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Adoption of Industrial-scale Aquaculture Causes Rapid Growth in Greenhouse Gas Emissions TEXT SIZE: A A A

Between 1961 and 2016, the average annual increase in global food fish consumption (3.2%) outpaced population growth (1.6%) and exceeded that of meat from all terrestrial animals combined (2.8%). Global capture fisheries have leveled off since the 1980s, and aquaculture has been responsible for the continuing impressive growth in the supply of fish for human consumption. 

However, the rapid development of aquaculture is often accompanied by a shift in land use patterns. For instance, more than half of Chinese freshwater aquaculture ponds are reported to be converted from paddy fields. Changes in land use patterns may change the intensity of greenhouse gas emissions, but the potential impact of this process is unclear. 

A research team led by Prof. DING Weixin from the Institute of Soil Sciences (ISS), Chinese Academy of Sciences, in collaboration with scientists from Bangor University and Yonsei University, conducted a field study in the Taihu Lake basin to explore the greenhouse gas costs of converting paddy fields to extensively managed crab culturing ponds. 

They found that such conversion increased associated global warming potentials from 8.15 ± 0.43 to 28.0 ± 4.1 MgCO2eq ha-1, primarily due to increased methane emissions. After compiling a worldwide database of different freshwater aquaculture systems (e.g. rice-fish, extensive and semi-extensive systems, and intensive systems), they established the emission factors of methane and nitrous oxide for each system and developed a global inventory for greenhouse gas emissions from major producers and different types of freshwater aquaculture systems. 

They estimated that the global top 21 producers released 6.04 ± 1.17 TgCH4 and 36.7 ± 6.1 GgN2O in 2014, accounting for 1.82% and 0.34% of global anthropogenic methane and nitrous oxide emissions, respectively.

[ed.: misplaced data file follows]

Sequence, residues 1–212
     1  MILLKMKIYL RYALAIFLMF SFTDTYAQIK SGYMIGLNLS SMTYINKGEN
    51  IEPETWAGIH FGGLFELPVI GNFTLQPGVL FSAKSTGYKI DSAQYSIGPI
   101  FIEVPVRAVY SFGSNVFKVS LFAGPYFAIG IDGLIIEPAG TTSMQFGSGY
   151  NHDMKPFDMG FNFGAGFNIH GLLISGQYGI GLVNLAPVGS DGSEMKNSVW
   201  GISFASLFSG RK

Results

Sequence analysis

Methane is the most important greenhouse gases in freshwater aquaculture compared with nitrous oxide, and it was primarily sourced from extensive plus semi-intensive systems, meaning a big mitigating potential for these. 

They found that methane emission from intensively managed aquaculture systems was negligible because of continuous aeration. The greenhouse gas emission per unit of fish production in intensive systems was only about 18% that of extensive and semi-intensive farming systems. 

Therefore, if half of the current productions from extensive plus semi-intensive systems (19.5 Mt) are replaced by intensive systems, greenhouse (methane and nitrous oxide) emissions from freshwater aquaculture will be reduced by 40.1%. 

Their findings indicate that effective management of extensive and semi-intensive systems through conversion to intensive systems by installing more efficient aerators in earthen ponds and implementing optimized feeding strategies for reducing feed waste, are urgently required to mitigate greenhouse gas emissions, reduce pollution, and improve economic efficiency from the unprecedented growth of aquaculture. 



                   Fig.  | Literature-sourced gHg emissions factors of different aquaculture systems.